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By Echoview Fiber Mill News 28 comment24/August Echoview Is An Innovative Fiber Mill and Farm
By Susan Dosier
Echoview is staking its new consumer-facing brand on the alpaca even though the gutsy Western North Carolina business was told that it was impossible to make high-end American alpaca fibers into luxurious consumer goods. Now, the company is proving those naysayers wrong. Alpaca is growing in popularity as a premium product—some say it even trumps cashmere. Today, the company makes fine socks, shawls, yarns and blankets from the alpaca fibers, and natural wool fibers are coming into the growing product mix, as well. Currently, the company employs 14 people—including three generations of local textile workers at the mill.
Julie Jensen, a Washington DC lawyer, started the company. She brought her passion for doing business a new way to creative, artsy, agricultural Asheville, North Carolina. In 2005, she started Echoview Farm, a 78-acre working farm. Today, her dream has grown to include a Gold LEED certified textile fiber mill and retail business that makes premium, eco-friendly, natural apparel, knit kits, yarn and home goods.
“American manufacturing is absolutely essential to providing a larger American middle class,” Jensen says. “We are a part of that, and we want to be an economic engine for our community. We believe in what we make and the people who make it. Our heart and soul goes into it.”
Echoview offers these high-end items online at echoviewnc.com:
- Utility socks made with luxurious alpaca fiber, designed for consumers that spend time on their feet.
- Luxurious alpaca shawls
- Handmade dryer balls—an environmentally friendly, toxin-free alternative to dryer sheets (the product is one of their best sellers)
- Natural fine virgin wool baby blankets
- 100 percent wool mattress pads for cribs
- Zen mat for yoga
- A variety of yarns and fibers for knitters
- Knit kits for hats, scarves, home goods and more
- Pure North Carolina honey from the hives and beekeeper at Echoview Farms
- Coming soon: Luxurious alpaca FACTION socks for every day and dressy occasions. Think cashmere for your feet.
Local Retail in Asheville: Find an exclusive collection of yarns made for the Biltmore Estate at the property gift shops; find yarn in Asheville at the Grovewood Gallery and Gallery of the Mountains at The Omni Grove Park Inn, Yummi Yarns and Asheville NC Home Crafts (crib mats available here, too). Dryer balls are available at William & Grace and Nest Organics (crib mats, too). Buy honey at Asheville Bee Charmer.
Local Retail in Hendersonville, NC: Find dryer balls at Homestead Linens & Gifts, The Wrinkled Egg, and the Hendersonville Community Co-Op and more. Buy honey at Kanuga Conference Center.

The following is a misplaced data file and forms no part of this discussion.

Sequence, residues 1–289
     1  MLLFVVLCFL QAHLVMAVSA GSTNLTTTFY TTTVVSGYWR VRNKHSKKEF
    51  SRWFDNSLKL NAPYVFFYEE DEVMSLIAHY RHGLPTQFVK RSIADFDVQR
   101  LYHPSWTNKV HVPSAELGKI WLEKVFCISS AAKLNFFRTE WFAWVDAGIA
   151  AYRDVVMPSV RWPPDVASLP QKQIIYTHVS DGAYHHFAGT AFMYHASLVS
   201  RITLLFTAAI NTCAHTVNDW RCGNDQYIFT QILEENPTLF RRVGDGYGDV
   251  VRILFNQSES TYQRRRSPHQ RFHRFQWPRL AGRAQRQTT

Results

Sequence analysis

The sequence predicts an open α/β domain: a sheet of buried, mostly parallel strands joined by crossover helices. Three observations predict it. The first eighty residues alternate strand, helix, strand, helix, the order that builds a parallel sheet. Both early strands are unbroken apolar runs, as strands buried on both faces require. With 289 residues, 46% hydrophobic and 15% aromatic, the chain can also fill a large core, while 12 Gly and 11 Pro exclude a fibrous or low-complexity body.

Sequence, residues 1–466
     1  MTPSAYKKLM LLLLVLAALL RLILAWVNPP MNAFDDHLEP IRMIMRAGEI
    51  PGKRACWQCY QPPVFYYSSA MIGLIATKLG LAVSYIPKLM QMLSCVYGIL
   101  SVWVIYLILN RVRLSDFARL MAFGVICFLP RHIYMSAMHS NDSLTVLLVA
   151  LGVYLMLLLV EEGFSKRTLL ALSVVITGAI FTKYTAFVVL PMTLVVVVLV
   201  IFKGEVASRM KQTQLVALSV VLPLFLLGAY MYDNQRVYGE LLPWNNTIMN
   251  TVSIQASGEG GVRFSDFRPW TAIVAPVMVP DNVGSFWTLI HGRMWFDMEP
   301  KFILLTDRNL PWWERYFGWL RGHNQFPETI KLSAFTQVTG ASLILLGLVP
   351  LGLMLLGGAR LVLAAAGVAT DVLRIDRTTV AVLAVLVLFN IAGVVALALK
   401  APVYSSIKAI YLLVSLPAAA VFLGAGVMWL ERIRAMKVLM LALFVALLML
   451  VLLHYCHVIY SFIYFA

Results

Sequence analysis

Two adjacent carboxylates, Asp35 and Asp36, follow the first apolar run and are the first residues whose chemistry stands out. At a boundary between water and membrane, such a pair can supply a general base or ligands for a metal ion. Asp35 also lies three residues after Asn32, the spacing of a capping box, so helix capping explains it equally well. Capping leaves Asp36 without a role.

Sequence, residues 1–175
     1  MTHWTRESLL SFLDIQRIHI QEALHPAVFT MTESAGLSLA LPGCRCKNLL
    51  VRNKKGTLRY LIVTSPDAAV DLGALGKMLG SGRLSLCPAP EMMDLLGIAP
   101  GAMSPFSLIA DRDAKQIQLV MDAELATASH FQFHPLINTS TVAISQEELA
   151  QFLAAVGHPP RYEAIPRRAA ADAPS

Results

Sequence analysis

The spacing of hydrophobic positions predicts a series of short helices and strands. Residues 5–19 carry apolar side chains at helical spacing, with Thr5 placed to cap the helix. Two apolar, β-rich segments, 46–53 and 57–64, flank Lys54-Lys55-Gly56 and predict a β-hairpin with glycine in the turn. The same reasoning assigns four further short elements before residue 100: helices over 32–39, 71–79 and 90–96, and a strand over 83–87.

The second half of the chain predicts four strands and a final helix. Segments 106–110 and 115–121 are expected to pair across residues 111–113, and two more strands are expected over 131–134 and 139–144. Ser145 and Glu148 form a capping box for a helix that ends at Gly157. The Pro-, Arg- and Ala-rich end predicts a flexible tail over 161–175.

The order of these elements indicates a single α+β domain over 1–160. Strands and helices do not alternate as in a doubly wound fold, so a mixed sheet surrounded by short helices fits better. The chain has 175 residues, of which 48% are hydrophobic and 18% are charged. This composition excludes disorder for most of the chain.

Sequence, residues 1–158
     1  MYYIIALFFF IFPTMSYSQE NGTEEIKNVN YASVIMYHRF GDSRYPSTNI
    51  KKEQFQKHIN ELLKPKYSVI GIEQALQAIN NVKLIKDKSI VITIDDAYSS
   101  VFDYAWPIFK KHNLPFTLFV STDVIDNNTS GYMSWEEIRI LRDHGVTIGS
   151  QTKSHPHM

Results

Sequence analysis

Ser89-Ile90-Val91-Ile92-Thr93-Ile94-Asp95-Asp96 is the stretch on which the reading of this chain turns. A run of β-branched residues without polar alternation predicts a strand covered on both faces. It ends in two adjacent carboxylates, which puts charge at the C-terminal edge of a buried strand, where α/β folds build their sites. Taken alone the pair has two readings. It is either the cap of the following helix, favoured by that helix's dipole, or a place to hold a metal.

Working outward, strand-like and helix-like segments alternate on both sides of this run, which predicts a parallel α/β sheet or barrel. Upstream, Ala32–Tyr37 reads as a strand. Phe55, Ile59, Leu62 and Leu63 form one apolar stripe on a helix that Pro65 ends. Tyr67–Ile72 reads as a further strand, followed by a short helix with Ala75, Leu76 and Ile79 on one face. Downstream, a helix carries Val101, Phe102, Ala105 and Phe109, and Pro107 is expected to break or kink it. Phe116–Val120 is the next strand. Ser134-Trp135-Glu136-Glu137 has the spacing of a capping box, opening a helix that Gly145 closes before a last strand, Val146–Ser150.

More Retail: Shops in Saluda, NC; Brevard, NC; Black Mountain, NC; Columbia, SC; Los Angeles, CA and Indian Beach, FL also carry products. Contact us for the complete retail list.
RETAIL SHOP AT ECHOVIEW FIBER MILL
Located on the first floor of the Mill, the retail shop features shawls, knit kits, yarns, goods made by the company and a few items from local artists as well. You’ll also find the honey, leather britches, grits and eggs (when available) from the farm.. The shop is open from 9 am to 4 pm, Monday - Friday. http://echoviewnc.com/visit-echoview/
Every Tuesday at 1 pm, visitors receive free, guided tours of the Mill and learn how the Mill’s machines turn raw fibers into finished yarns and soft, luxurious products. http://echoviewnc.com/visit-echoview/
Today, Echoview Farm supplies a portion of the alpaca fibers used at the nearby Fiber Mill. The farm is home to alpacas, goats, chickens, 34 bee hives, a full-time farm manager and friendly dogs and cats. The farm’s corn is processed into “Moonshine Grits.” Old-time Appalachian foodways enthusiasts are gratified when they learn that Echoview makes leather britches (fresh greasy beans dried so they can be preserved and eaten in the winter). They market pure honey online and in the shop. Jensen experimented with raising hops for the local beer industry for a short time but found more traction with animals and more traditional crops. Groups of 10 or more can book paid tours of the farms if they call in advance. http://echoviewnc.com/visit-echoview/
COMMERCE AND COMMUNITY
Echoview also runs a summer day camp for girls. The girls swim, make jewelry, knit, felt, weave, cook, and learn what it’s like to interact with animals on a farm. Community involvement comes naturally to the company; a local knitting group that started meeting in the Echoview conference room became so popular, it moved to a larger location.
PLAN A VISIT TO WEAVERVILLE AND ASHEVILLE
The fiber mill and retail location are seven minutes away from downtown Weaverville with its inns, nationally notable Mangum Pottery Studio and Gallery, restaurants and shops. The Echoview Fiber Mill is 16 minutes from downtown Asheville, N.C.